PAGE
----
IdeaMonk

thoughts, ideas, code and other things...

Tuesday, September 22, 2009

Some more GDB fun.

Last weekend I was there for a 3 hour battle of brains for ICPC-Amritapuri prelims. Though our team did not qualify this time, and only one team would be going onsite, I had a really good time debugging with gdb and helping out others debug fast. The problem looked something like this -
  • There is F(n) = a*F(n-1) + b where 1 <= a,b,n <= 1000000000
  • F(0) = 1
  • Find F(n)
Now one would simply begin with a code similar to following -
#include <iostream>
using namespace std;

#define ull unsigned long long

ull a,b;

ull f( ull n){
if (n == 0)
return 1;
else
return a*f(n-1) + b;
}

int main (){
ull n;
cin >> a >> b >> n;
cout << f(n) << endl;
return 0;
}

Having put unsigned long long one would think it will be able to contain numbers as large as 10^9, but there is one thing that everyone missed, what range would F(n-1) fall in? Here we're trying to multiply 'a' (which is as big as 10^9) with F(n-1) (whose range we don't know).

$ g++ -g fn.cpp
$ ./a.out
2 3 4
61
$ ./a.out
10000 100203 2323
11085757089601029659
$ ./a.out
100000000 100000000 100000000
Segmentation fault

There we go, larger values within given limits kill our program. A genius would realize that this would happen even before writing this implementation, a smart one would intuitively know what happened, but what about the average joe? That's where gdb comes to give you inside story of what went wrong, so that instead of spending even 5 minutes figuring out what happened, you actually see and say 'oh, so this is what broke my code'. Here's how -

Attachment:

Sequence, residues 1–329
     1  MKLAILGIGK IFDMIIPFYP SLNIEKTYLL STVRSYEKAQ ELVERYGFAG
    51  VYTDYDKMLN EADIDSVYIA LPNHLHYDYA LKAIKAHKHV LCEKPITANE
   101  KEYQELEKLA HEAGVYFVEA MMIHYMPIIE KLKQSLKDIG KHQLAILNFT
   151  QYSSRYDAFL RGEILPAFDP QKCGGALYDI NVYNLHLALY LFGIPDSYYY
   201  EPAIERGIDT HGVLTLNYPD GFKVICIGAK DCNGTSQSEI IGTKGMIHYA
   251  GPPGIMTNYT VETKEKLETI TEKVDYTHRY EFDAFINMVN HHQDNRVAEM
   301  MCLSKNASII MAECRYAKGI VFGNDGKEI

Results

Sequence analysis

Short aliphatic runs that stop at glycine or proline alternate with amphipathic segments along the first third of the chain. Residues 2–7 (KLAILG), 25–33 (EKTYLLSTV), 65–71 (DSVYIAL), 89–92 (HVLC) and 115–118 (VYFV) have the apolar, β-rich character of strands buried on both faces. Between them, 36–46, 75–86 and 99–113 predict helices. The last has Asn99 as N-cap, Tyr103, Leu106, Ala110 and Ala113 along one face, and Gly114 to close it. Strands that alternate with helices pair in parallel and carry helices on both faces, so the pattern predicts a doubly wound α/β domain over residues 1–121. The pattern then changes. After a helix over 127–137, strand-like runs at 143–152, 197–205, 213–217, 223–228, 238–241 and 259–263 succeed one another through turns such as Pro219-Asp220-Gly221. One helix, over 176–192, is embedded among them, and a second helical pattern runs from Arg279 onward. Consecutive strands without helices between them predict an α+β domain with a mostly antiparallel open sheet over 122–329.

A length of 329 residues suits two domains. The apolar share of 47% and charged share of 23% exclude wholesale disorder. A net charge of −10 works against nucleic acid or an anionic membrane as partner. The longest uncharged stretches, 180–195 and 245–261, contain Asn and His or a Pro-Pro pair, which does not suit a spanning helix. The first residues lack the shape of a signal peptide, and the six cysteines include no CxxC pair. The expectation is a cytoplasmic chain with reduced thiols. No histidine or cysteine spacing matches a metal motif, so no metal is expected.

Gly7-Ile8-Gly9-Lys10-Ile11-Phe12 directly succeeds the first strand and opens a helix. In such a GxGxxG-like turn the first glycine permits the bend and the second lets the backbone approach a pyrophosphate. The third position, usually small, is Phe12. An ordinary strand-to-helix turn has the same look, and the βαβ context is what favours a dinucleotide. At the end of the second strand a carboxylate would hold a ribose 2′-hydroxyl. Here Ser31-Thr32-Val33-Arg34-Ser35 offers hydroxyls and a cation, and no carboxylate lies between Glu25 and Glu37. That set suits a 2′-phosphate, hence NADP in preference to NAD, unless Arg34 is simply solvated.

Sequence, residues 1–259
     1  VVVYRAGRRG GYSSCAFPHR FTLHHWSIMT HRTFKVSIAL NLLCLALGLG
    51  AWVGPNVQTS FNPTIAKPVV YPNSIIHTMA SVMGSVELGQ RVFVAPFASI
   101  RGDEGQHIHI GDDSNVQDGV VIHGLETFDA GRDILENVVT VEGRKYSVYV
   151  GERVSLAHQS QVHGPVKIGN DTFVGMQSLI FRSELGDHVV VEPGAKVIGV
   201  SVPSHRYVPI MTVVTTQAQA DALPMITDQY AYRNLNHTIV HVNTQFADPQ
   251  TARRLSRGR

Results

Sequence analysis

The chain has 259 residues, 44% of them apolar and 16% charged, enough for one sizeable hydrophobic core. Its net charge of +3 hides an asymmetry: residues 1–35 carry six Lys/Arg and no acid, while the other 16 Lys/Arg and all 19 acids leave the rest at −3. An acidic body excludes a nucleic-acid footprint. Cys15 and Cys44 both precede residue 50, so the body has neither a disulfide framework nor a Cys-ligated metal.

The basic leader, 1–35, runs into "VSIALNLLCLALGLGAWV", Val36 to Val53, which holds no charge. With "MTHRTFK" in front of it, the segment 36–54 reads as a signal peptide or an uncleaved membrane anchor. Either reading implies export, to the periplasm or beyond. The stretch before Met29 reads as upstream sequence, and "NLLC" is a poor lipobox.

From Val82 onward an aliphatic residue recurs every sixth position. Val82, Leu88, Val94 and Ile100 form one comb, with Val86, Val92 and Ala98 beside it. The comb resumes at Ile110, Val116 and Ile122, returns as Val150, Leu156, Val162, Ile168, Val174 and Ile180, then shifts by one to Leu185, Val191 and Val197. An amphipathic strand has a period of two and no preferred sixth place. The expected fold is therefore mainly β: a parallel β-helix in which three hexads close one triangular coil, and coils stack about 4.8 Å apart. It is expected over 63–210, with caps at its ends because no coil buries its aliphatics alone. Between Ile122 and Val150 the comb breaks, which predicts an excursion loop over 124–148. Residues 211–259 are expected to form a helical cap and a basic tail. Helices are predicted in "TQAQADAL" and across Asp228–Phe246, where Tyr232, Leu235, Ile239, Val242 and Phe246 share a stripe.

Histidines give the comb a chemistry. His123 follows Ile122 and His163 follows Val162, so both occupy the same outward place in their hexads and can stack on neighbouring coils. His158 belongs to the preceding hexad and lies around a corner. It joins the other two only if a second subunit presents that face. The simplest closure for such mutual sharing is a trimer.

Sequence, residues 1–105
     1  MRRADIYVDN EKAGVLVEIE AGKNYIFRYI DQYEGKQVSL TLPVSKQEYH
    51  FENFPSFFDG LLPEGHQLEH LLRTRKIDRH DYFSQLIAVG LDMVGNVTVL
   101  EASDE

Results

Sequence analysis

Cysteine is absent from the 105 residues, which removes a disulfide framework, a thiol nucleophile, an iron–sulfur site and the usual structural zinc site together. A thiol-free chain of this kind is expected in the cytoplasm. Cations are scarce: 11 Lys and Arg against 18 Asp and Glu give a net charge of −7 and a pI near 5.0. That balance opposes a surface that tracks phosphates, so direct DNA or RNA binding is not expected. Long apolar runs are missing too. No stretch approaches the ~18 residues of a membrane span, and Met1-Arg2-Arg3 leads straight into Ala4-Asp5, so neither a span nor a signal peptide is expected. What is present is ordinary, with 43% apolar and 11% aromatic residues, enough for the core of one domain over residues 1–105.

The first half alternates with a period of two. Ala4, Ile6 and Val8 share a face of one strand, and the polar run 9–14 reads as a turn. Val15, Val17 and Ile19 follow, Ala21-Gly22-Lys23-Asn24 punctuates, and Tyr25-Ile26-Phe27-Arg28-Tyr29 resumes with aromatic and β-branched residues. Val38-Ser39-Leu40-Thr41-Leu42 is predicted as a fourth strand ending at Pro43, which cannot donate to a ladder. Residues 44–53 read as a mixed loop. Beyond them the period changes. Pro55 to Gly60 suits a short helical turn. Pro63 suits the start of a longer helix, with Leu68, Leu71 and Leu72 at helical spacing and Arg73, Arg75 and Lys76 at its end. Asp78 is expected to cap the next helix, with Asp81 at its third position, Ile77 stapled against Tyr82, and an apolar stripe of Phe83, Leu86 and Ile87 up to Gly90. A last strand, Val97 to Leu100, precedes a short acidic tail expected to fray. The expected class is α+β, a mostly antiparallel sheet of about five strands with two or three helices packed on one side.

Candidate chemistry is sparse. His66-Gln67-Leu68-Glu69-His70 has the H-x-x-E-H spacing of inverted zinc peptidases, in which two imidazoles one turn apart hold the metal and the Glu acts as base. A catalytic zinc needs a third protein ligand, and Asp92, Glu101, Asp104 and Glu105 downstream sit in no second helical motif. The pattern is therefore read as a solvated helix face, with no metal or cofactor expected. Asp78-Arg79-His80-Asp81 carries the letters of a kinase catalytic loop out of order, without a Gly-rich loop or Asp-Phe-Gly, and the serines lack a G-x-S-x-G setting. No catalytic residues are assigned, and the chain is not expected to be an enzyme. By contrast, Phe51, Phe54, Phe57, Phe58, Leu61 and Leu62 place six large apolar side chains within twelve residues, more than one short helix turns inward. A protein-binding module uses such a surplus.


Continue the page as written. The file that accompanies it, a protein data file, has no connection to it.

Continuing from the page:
ideamonk@sacea:~$ gdb ./a.out
GNU gdb 6.8-debian
Copyright (C) 2008 Free Software Foundation, Inc.
License GPLv3+: GNU GPL version 3 or later <http://gnu.org/licenses/gpl.html>
This is free software: you are free to change and redistribute it.
There is NO WARRANTY, to the extent permitted by law. Type "show copying"
and "show warranty" for details.
This GDB was configured as "i486-linux-gnu"...
(gdb) run
Starting program: /home/ideamonk/a.out
1000000000 100000000 100000000

Program received signal SIGSEGV, Segmentation fault.
0x08048738 in f
(n=99825467) at fn.cpp:12
12 return a*f(n-1) + b;
(gdb)

One thing you can easily notice is that we entered a very large value for 'a' and at each step 'a' is getting multiplied to f(n-1), added with 'b', and multiplied again with 'a' in next recursion. Even though unsigned long long int has huge limit of +18,446,744,073,709,551,615 for 32bit processors, successive multiplications of numbers of range 10^9 is enough to quickly eat out this limit. Hence the segmentation fault... Nopes as pointed out by Prasanna though the compiler marks it as Segmentation Fault, its a Stack overflow actually (read comments for details). Well that's about the scene at ICPC, many people got interested in what gdb is and how did I do that, it's common, everyone has been annoyed by the seg faults in their 1st year c/c++ course.

The other day
tilda - ( a Quake/Doom like terminal for linux ) which I extensively use, stopped working. It happened right after I restarted my Ubuntu after update. Wonder why, Alt+F2 [tilda]... nothing came up. I headed onto terminal, and then ran tilda from there - bingo - a nice little 'Segmentation Fault' came up. When you're aware of scissors like gdb that help you make precise cut, even with a blind fold, who would be scared of entering the foreign territory of someone else's code?
So there started the bughunt....

apt-get source tilda .... OK
./configure
..
...
.....
hmm I dont have vte something... okay lets get it....

apt-get source vte ... OK
cd vte-0.20.0